MANILA, Philippines - The Subic Bay Metropolitan Authority (SBMA) insisted there was no toxic waste dumped in the waters of Subic Bay on October 15 as implied in several reports.
Still, the authority will continue to investigate incidents beyond the date in question.
In an interview on ANC, SBMA chairman Roberto Garcia said he did not imply that the waste supposedly disposed by United States contractor Glenn Defense Marine Philippines Inc. was hazardous to human health and environment.
“I said that the waste collected had high level of toxicity,” he said. This can be attributed to the concentrate of the waste, mostly coming from humans, which is likely to be high in toxicity.
Still, this does not mean it could already be termed as toxic waste, Garcia said.
“So this is not toxic, in reference to waste [that is injurious and can cause death]. That was implied in the reports.”
He said the SBMA board met on Monday afternoon to resolve the matter, after the issue of toxic waste dumping snowballed and has even reached the Senate. Senator Miriam Defensor Santiago earlier filed a resolution calling for a probe on the incident.
“This is just the October incident. My objective is to ask them to explain…all the waste collected – if these were treated and disposed of properly,” Garcia clarified.
Garcia is referring to the inspection of the ecology center of the SBMA on October 15 at the MT Glenn Guardian, a tanker owned by Glenn Defense.
News reports said Edilberto Acedilla, captain of Glenn Guardian, allegedly revealed during the spot inspection that they were carrying around 50,000 gallons of domestic waste and around 200 gallons of bilge water (a combination of water, oil, and grease), all of which were hauled from a US Navy ship.
Reading from a statement, Garcia said: “For the information of the public, contrary to what was implied in [reports], there is no evidence that toxic waste has been discharged in the confines of Subic Bay.”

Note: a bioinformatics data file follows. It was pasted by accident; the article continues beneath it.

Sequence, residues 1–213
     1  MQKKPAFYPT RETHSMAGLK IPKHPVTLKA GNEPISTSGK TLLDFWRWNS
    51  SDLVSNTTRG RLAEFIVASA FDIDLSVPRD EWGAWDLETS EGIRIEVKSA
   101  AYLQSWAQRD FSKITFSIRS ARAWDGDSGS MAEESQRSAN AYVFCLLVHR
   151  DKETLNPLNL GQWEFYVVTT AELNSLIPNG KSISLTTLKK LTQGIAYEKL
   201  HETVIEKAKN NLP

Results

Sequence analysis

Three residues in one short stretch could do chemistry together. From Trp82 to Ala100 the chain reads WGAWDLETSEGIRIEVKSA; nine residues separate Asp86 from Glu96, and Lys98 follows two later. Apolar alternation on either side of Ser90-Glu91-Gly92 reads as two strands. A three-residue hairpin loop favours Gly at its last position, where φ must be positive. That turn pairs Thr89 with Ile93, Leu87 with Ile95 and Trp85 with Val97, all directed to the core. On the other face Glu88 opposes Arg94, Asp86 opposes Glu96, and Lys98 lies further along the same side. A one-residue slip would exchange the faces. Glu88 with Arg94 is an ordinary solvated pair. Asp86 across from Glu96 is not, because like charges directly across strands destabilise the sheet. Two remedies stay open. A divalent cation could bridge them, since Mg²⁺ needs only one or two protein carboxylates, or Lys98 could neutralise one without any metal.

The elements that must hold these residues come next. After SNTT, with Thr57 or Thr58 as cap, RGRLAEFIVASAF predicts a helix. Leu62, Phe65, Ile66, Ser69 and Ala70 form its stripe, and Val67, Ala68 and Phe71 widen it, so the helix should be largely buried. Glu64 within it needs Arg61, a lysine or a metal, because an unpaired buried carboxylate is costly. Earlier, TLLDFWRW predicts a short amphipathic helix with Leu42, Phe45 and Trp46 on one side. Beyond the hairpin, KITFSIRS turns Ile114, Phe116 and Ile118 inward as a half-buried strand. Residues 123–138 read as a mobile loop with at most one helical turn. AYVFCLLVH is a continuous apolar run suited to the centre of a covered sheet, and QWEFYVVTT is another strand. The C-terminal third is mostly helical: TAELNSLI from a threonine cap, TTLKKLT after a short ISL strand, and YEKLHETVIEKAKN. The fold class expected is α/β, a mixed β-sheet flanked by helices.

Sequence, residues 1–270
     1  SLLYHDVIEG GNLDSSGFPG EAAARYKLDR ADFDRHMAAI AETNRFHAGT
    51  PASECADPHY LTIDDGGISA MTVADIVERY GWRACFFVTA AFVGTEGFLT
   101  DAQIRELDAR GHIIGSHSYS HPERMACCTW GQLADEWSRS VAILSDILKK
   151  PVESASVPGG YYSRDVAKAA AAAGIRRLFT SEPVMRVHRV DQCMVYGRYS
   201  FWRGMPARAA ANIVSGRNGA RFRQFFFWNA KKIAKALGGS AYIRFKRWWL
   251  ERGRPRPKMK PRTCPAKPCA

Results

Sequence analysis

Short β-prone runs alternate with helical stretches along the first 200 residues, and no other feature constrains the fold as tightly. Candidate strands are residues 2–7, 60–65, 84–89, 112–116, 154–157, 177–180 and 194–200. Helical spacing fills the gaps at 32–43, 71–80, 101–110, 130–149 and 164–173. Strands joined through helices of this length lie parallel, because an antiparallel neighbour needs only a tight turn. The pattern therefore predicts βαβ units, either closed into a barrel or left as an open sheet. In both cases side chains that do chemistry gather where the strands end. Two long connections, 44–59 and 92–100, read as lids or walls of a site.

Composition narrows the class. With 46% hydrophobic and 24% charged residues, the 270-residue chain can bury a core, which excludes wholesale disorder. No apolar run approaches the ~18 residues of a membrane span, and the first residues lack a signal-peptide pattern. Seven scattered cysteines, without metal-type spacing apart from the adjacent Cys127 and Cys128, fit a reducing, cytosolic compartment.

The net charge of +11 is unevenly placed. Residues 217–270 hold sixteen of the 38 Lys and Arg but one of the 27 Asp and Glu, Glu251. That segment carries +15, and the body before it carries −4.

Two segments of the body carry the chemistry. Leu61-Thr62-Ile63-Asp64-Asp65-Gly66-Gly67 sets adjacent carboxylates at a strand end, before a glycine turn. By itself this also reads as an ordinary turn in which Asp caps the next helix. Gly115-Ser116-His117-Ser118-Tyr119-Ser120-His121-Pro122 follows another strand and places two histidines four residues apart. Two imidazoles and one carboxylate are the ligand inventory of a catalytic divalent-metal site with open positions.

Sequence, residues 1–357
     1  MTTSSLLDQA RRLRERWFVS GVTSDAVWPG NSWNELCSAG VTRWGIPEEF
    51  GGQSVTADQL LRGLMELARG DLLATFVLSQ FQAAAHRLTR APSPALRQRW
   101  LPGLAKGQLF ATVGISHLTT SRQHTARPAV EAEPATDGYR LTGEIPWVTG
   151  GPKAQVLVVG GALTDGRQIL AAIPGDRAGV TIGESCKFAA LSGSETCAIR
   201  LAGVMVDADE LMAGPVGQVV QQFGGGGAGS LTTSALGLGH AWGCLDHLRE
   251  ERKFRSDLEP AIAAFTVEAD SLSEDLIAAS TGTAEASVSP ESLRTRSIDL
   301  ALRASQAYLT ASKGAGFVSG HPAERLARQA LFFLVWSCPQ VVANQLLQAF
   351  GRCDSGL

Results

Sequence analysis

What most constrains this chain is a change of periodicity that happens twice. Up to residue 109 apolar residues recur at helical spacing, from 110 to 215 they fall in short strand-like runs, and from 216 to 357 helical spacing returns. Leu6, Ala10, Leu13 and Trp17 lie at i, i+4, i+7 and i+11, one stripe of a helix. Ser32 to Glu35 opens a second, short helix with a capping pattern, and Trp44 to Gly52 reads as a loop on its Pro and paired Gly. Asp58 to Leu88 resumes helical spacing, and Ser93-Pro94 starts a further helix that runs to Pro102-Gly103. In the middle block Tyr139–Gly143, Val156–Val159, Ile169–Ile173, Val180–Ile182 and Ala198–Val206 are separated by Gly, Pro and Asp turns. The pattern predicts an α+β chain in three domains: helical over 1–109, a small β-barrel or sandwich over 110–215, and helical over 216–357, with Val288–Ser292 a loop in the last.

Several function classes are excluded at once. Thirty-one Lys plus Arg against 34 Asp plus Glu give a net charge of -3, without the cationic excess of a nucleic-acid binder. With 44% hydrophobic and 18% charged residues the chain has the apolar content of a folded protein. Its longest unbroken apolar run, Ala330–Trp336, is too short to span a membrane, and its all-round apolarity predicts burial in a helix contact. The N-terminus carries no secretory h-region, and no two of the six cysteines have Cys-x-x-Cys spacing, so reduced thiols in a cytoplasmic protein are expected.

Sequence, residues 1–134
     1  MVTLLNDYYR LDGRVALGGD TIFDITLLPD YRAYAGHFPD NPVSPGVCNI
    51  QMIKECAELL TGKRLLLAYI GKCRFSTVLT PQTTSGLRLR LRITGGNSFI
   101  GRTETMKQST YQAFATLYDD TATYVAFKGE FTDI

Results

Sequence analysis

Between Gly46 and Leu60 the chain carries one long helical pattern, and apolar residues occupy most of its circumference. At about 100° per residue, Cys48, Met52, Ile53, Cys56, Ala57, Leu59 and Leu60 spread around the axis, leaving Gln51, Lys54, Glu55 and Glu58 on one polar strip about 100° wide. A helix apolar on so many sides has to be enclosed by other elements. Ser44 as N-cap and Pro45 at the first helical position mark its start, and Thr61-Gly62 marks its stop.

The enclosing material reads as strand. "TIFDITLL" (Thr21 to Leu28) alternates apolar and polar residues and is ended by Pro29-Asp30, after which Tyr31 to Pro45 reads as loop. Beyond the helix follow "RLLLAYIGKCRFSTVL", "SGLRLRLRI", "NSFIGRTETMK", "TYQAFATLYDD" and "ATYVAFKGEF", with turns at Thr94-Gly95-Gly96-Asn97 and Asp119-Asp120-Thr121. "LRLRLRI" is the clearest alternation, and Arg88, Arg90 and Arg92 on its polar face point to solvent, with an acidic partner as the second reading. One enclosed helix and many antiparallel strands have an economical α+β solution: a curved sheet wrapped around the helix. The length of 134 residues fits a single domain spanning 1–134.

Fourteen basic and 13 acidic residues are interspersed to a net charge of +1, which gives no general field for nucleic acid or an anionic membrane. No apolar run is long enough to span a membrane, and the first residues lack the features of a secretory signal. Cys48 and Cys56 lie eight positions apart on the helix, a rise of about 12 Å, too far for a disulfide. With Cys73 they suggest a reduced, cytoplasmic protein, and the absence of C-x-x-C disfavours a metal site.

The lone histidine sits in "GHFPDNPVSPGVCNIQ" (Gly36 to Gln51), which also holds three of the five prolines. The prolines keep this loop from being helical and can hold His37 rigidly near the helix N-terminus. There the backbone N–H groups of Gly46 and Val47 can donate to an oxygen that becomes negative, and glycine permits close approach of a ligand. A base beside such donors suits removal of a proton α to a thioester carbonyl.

He said the supposed oily waste and sewage discharged by Glenn Defense was treated properly. Still, SBMA has to complete its investigation, but only insofar as several other issues such as, “if it is covered by necessary certificates of treatment.”
He also stressed that the waste in question was even discharged “in high seas 17 nautical miles from the nearest land point.” This means the waste was never dumped in waters under Philippine jurisdiction.
“We are committed to protecting the environment,” Garcia stressed.
The same was echoed by Visiting Forces Agreement (VFA) Commission Executive Director Edilberto Adan.
The agency was brought to the center of the controversy after Santiago cited that it should have monitored the incident closely. She even called for the scrapping of the VFA.
Citing the facts disclosed by the SBMA and other relevant agencies that investigated the incident, Adan said Glenn Defense is not covered by the VFA.
“The role of the commission is to monitor the implementation of Philippine laws by visiting forces,” he said. He said the commission was not wanting in its duties, as it asked the parties to submit copies of reports on the incident.
“If there’s violation of Philippine laws, we have to determine if it concerns the US. But it is the contractor and not the US [per se]…It’s also a Philippine-registered company,” Adan added.
He said the VFA Commission joins the SBMA in its serious concern for the environment as well as that of the legislators.
He said, however, this should not redound to the scrapping of the VFA. He said the accord is beneficial to the interests of the Philippines.
“The presence of the US in the region provides stability, assurance that freedom of navigation is assured,” he said.